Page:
It’s no secret that the pharmaceutical industry hasn’t seemed to slow down. Despite lawsuits, fines, and new legislation, it seems like the influence of Big Pharma keeps expanding. In this news segment, we’re going to cover a few things that have happened recently. And while these stories may not be all that substantial on their own, they paint a much larger picture.
Story #1. Big Pharma is All About the Money
First, we head to Washington, D.C., where drug lobbyists stormed the White House to fight against the American people. Pharmaceutical Research and Manufacturers of America, or PhRMA, is a lobbying group that represents some of the biggest players in the pharmaceutical industry. Here are just a few of their members:
- Bristol-Myers Squibb
- Eli Lilly
- Johnson & Johnson
The company generates billions in lobbying efforts and has been one of the most influential forces in our government. PhRMA is known for being sneaky, working with outside firms to push their agendas. Groups like the United Seniors Association and lobbying firms like the DCI group have both been paid to do PhrMA’s bidding.
And their relationship with the government is… cozy.
The group has been led by CEOs and Chairs that include congressmen and pharmaceutical pros alike (Joaquin Duato, chairman of Johnson & Johnson’s pharmaceutical division, is chairman-elect). What’s important about this particular story is what it proves: THE MEDICAL INDUSTRY DOES NOT CARE ABOUT PATIENTS.
It only cares about money.
So, what caused such a powerful group to “scramble the jets” and head to the capital? A bipartisan bill in the Senate designed to lower prescription drug prices. In a time when our politicians are more divided than ever (or at least since the Civil War), members of both parties in congress have come together – backed by the White House – to lower drug costs.
This is a major issue that affects nearly every facet of our society. Any move by our elected officials to hold the pharmaceutical industry accountable for its greed is a good one. The bill is designed to lower drug prices by forcing pharmaceutical companies to pay rebates if they raise their prices faster than inflation. It also caps out-of-pocket costs for some drugs covered by Medicare.
And congress is not alone; the president, Department of Health and Human Services (HHS), and Food and Drug Administration (FDA) have also tried to make headway. Reuters reported last week that the president was considering an executive order that would cut the prices of all branded prescription drugs sold to the government. Just days ago, HHS and FDA said it would pursue rules to allow prescription drugs to be imported from Canada.
If you need a sign that Big Pharma has too much say in our government, look no further than that. Our own agencies are considering programs to import drugs from other countries as a way to keep prices down. PhRMA representatives cried like children, saying in a statement that “we’re getting killed!”
But if the pharmaceutical industry is dying, you can be sure it will be buried under piles of money. Just this year, the industry has pressured senators to block a bill that would limit intellectual property rights. They also blocked a rule that would require them to disclose prices in television ads, and watered down several bills to the point that they may as well not have been passed at all.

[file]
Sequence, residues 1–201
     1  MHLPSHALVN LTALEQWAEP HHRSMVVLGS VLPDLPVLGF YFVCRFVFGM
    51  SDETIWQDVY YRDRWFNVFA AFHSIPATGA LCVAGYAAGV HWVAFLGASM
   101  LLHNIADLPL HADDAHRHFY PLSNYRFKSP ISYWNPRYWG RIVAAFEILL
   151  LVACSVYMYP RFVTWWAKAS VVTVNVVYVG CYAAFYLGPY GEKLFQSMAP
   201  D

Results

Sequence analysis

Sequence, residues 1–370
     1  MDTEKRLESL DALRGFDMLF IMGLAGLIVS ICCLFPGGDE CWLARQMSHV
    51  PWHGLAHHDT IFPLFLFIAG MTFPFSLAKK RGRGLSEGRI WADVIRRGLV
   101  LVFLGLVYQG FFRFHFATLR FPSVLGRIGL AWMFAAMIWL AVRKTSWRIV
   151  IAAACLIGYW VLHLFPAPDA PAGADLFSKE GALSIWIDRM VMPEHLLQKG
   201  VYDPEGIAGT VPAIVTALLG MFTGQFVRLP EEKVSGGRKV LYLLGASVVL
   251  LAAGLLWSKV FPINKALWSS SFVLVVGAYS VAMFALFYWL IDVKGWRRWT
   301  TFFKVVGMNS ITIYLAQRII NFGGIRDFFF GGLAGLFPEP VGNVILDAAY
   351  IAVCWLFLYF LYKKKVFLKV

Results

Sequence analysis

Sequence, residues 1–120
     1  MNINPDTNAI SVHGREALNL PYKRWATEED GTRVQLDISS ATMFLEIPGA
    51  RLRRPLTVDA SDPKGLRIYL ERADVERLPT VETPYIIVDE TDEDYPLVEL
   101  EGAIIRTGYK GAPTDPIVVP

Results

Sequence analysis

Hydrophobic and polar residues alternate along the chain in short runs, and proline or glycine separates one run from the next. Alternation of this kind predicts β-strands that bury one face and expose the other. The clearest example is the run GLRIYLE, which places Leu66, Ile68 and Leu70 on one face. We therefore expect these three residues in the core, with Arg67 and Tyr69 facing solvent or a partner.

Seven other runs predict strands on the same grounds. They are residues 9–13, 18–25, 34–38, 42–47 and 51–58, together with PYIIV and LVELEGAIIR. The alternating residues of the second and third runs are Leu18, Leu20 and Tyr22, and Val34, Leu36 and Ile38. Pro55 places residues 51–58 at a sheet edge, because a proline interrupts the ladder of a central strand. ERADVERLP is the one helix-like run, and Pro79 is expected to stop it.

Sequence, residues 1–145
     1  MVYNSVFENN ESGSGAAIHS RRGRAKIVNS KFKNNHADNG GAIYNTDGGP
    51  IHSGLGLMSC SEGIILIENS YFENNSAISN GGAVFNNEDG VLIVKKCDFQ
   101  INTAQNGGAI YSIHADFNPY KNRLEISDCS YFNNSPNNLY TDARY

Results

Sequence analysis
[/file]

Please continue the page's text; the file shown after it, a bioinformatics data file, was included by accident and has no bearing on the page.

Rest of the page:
And it isn’t just about keeping prices up. Lobbyists also want to remove regulation, write their own studies, and hide any harmful side effects. They do this by targeting key officials with outside pressure or bribes. And it seems that the industry has discovered that you can catch more flies with honey than with vinegar.
Executives from many of the aforementioned pharmaceutical companies joined lobbyists to donate hundreds of thousands to specific politicians just a few months ago. North Carolina Senator Thom Tillis received maximum amount donations from the CEO of Pfizer. The CEO, Albert Bourla, also donated at least $10,000 to Texan Senator John Cornyn. These elected officials have accepted hundred of thousands from executives representing Merck, Bristol Myers-Squibb, Eli Lilly, Sanofi, and Amgen, just to name a few.
In 2018, drug industry PACs donated over $10 million to various candidates. Just before the influx of donations, Senator Cornyn sat on the Senate Finance Committee and lambasted AbbVie CEO Richard Gonzalez on the company’s practice of patent-thickening. (Note: patent-thickening is the practice of filing multiple patents for the same product in hopes of extending exclusivity). For AbbVie’s Drug Humira, over 100 patents had been filed.
He then championed legislation to end patent-thickening once and for all, taking a hardline stance against Big Pharma. Then came the money. Senator Tillis joined in the effort alongside Cornyn and, by the time the dust had settled, the once-promising bill had been reduced to an empty shell. The existing bill simply limits the number of patents a company can assert in a lawsuit, doing virtually nothing to solve the problem of thickening.
This happens all the time in Washington. Illinois Senator Dick Durbin, who recently saw a patent bill killed off by the drug lobby, says they may be the biggest player on the Hill.
Big Pharma has replaced Big Tobacco as the most powerful brute in the ranks of Washington power brokers,” he said.
Pharma’s billions allow them to continue to rip off American families and taxpayers.”
But our representatives don’t ALWAYS lose, right? Surely, we’re seeing promising steps forward as pharmaceutical companies face fines and lawsuits? Well, let’s see.